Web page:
Predict the future by forgetting yourself

A good summary of Philip Tetlock‘s research:

As you might expect, these elite forecasters tended to score better on measures of intelligence than the other participants. But they all shared one other trait too: open-mindedness…Crucially, open-minded people tend to be able to see problems from all sides, which seems to help forecasters overcome their preconceptions in the light of new evidence. ‘You need to change your mind fast, and often,’ says Tetlock.

Another trait of effective forecasting that Tetlock highlights is self-awareness – understanding your own foibles…he points out that too often forecasters begin by taking an “inside view” of a problem…Yet research suggests that you could come to more accurate predictions if you instead take a step back and simply look at past historical data.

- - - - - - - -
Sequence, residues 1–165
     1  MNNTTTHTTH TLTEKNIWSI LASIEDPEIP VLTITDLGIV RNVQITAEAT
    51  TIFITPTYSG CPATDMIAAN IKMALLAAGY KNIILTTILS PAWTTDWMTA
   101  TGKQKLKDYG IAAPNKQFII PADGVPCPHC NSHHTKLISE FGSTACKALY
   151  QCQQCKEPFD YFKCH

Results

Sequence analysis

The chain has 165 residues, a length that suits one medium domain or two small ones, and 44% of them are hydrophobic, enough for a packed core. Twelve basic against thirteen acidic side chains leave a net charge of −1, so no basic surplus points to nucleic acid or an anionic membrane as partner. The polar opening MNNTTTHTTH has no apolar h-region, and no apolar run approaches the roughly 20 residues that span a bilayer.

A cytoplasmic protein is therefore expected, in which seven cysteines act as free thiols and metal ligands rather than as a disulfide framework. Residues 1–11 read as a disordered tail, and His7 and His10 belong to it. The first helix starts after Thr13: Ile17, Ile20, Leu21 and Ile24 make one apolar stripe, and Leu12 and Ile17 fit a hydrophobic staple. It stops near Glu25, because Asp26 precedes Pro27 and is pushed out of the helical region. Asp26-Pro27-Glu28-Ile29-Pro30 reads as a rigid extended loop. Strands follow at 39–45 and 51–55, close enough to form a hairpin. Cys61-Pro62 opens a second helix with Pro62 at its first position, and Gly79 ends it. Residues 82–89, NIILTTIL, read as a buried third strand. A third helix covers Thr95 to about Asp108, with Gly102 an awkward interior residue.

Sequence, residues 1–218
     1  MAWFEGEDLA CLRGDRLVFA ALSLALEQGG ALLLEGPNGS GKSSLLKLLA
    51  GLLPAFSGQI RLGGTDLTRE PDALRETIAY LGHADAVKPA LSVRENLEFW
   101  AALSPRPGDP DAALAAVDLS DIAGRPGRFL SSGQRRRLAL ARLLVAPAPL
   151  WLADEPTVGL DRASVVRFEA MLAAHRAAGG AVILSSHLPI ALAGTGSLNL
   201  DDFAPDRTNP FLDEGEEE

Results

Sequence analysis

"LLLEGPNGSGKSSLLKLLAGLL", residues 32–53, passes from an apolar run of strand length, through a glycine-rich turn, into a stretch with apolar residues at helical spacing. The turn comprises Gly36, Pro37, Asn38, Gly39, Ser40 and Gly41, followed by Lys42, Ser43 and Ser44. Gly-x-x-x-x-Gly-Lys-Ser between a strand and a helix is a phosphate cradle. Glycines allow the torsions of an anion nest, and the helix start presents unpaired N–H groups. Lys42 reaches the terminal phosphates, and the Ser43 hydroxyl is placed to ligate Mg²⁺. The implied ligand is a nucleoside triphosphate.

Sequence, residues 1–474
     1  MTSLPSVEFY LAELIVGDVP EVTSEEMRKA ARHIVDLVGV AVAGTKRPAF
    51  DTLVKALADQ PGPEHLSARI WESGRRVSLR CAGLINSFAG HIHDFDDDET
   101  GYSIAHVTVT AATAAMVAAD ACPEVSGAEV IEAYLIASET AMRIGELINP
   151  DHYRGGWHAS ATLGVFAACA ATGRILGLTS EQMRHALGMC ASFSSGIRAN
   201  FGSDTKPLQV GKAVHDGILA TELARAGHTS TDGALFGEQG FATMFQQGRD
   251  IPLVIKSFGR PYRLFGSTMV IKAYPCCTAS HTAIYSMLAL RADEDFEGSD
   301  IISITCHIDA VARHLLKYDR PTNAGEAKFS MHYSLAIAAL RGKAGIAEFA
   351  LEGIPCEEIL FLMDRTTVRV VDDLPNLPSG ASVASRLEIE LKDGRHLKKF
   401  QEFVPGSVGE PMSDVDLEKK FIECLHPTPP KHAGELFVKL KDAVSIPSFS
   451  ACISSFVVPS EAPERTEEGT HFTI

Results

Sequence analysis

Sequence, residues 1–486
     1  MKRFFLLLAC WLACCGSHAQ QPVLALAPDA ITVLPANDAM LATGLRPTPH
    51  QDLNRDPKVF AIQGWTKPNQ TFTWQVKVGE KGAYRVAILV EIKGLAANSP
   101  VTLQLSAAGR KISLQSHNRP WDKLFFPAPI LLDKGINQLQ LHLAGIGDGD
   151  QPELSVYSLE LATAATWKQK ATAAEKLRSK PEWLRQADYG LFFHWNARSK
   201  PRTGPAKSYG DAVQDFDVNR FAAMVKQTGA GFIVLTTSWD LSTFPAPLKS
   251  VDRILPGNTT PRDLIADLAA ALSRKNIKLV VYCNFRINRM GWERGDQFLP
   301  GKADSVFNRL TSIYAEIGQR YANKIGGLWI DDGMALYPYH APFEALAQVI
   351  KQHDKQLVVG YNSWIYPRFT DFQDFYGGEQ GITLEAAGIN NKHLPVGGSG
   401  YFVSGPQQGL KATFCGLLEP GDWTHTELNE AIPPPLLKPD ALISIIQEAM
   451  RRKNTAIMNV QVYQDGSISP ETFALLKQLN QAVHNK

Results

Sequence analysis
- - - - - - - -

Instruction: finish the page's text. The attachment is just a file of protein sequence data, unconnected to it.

Other strategies were aimed at reducing known cognitive biases. For instance, research has shown people tend to make better decisions if they are reminded of common pitfalls, such as the tendency to exaggerate the risk of particularly frightening events, like a terrorist attack; they could also remember to consider both the best and worst case scenarios of a situation, since that opens the mind to the full range of possibilities and helps to question your basic assumptions about the event.